My suggestion about the power supply applies only to a hard drive problem (not a diskette drive problem), so you can ignore it. In fact, you can ignore most of my previous post, since it appears you are dealing with a floppy drive problem and not a hard drive problem.

    I'm not sure what you're describing when you say that you can't get to the second setup page -- could you provide more details?

    Hope this helps -- and any additional info appreciated.
     
  8. ChfTx

    ChfTx Thread Starter

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    Thanks codejockey, sorry for not spelling it out sooner, however, I did have a problem at the beginning with the hard drive and you helped me get that solved...

    As far as "Page 2" goes, what I mean is in Set-Up is says "Page 1 of 2" at the top of the screen, and I can't figure out how to get to page 2.......not sure why I need to, but you never know..

    Haven't tried the fix yet with the drives, I've been gone, but I'll try it tonight and let you know how it comes out............btw, there is only one floppy (144, 3 1/2") on this system.....I had to replace it cuz the first one was mechanically busted...2 floppy drives show in Set-Up and I already tried disabling one of them....didn't seem to do anything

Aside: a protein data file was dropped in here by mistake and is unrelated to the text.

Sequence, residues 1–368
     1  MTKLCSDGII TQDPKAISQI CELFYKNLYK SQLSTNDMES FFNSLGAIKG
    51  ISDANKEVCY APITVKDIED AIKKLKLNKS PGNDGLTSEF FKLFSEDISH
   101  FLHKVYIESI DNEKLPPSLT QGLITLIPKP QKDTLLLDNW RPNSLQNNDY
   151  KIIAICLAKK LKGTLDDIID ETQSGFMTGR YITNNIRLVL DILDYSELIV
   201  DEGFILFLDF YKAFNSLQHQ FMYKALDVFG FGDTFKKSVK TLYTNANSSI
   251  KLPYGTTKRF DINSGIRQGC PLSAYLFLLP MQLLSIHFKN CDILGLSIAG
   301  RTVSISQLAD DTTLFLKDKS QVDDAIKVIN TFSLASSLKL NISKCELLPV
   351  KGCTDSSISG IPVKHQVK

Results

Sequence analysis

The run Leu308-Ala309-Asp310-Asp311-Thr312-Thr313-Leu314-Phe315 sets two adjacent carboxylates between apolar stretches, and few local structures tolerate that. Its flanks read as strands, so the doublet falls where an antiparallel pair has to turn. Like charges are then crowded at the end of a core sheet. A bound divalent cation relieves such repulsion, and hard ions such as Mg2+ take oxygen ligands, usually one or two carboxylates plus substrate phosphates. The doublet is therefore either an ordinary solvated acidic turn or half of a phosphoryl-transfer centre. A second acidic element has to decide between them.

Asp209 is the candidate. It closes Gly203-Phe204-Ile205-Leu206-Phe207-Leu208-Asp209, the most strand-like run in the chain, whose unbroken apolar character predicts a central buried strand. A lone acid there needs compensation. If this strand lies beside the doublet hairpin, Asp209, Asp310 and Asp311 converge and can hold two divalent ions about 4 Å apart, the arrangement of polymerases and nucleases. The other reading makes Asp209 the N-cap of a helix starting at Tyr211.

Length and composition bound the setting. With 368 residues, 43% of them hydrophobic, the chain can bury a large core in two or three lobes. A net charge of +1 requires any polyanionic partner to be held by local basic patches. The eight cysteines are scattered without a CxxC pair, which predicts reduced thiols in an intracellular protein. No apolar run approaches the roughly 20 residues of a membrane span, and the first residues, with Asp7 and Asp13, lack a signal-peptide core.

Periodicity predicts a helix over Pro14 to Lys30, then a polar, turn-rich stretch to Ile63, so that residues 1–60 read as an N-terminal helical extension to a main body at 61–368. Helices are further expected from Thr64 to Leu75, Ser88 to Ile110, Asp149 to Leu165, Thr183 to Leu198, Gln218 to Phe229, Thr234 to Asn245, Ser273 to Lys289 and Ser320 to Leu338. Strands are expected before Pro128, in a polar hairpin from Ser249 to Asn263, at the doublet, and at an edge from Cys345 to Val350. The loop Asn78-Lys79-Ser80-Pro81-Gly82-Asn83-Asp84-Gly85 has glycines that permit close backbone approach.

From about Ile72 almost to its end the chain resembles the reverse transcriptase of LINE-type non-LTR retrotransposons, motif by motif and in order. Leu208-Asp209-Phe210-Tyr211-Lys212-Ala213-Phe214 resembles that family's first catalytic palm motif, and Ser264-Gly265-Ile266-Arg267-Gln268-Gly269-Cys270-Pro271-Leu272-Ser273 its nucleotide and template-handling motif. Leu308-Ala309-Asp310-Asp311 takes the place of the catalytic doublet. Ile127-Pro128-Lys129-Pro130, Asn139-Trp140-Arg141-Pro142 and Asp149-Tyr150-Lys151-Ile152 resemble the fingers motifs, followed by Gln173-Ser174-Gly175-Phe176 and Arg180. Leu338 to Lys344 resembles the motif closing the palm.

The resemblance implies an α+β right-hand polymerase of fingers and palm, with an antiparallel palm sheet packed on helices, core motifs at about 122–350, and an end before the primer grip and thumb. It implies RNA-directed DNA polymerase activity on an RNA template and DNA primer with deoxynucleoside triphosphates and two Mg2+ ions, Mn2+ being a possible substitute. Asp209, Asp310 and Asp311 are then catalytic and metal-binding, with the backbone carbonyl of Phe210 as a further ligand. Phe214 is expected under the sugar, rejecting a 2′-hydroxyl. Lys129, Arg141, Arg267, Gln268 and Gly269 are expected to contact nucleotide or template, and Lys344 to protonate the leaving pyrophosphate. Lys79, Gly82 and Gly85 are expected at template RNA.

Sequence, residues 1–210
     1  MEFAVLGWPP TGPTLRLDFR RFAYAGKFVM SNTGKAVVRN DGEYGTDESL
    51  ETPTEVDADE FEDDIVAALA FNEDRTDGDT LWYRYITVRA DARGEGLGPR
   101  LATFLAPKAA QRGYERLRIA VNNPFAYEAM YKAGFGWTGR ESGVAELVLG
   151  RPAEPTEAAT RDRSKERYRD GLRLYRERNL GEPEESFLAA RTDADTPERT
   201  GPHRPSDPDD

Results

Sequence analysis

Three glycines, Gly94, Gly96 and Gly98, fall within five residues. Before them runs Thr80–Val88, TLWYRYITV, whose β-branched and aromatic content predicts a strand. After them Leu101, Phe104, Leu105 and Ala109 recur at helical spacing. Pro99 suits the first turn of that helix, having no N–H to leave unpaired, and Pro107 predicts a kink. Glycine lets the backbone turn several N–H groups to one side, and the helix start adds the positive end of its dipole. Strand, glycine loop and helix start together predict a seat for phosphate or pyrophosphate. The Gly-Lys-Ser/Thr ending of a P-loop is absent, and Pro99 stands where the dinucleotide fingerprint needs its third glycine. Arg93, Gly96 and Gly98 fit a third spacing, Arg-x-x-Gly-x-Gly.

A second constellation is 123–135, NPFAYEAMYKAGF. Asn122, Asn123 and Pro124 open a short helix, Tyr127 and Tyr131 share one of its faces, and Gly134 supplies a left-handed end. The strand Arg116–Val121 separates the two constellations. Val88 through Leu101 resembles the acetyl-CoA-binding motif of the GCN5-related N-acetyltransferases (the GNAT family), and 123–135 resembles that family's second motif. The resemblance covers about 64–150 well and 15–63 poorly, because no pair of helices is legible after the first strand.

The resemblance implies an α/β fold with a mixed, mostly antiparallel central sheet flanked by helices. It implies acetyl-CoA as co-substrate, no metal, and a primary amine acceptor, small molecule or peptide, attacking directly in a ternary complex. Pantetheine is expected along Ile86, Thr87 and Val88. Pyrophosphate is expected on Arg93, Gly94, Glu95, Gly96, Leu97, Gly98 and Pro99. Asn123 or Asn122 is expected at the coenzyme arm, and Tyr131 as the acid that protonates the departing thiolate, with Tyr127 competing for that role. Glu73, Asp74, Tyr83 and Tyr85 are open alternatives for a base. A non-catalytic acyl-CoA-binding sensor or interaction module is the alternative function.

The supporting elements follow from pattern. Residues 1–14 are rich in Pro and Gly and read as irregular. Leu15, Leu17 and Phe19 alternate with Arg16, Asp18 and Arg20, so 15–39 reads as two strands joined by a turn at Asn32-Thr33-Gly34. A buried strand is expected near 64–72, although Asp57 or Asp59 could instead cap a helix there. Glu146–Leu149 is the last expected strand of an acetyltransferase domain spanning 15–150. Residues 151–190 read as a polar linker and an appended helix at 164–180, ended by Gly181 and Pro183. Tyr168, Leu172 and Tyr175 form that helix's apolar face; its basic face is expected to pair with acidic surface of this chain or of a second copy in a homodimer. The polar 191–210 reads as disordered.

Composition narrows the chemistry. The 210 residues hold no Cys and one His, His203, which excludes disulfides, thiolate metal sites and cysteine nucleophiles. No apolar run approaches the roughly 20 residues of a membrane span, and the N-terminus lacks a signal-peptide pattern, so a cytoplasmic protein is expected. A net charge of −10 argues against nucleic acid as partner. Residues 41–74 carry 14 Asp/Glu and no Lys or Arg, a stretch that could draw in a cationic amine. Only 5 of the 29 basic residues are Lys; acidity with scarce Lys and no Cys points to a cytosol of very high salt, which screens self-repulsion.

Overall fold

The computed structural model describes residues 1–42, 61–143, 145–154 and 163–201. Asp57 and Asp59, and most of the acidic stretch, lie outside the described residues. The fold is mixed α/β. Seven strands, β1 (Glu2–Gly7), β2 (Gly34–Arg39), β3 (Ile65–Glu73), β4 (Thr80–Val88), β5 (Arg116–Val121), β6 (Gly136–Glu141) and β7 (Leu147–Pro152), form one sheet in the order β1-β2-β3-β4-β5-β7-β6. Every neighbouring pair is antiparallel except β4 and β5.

I'll get back here with more info...

    I really appreciate all the help! Thanks!
     
  9. ChfTx

    ChfTx Thread Starter

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    ok...........

    Have tried about everything I know. I'm going to try and make sense of all this........

    There are 2 diskette drives enabled (both are 3.5" 144), A and B. When B is not installed I get a hard drive error. When A is not installed I get the diskette seek error. Both times I'm able to boot past this to Windows......

    Have tried all combinations and still get the diskette seek error message, which I'm able to boot past with ease, but why is it there????.... I gotta be missing something, but for the lifa of me, I don't know what I haven't tried yet!

    Thanks
     
  10. codejockey

    codejockey

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    A couple of suggestions:

    (1) your BIOS settings should reflect the actual number of drives you have installed in your machine. So, in your case, you probably don't want the BIOS set for two floppy drives. Instead, you probably want it set for only one floppy drive (most likely the 'A' drive). You should set the other floppy drive to 'none' or whatever your BIOS setup allows that indicates no drive installed.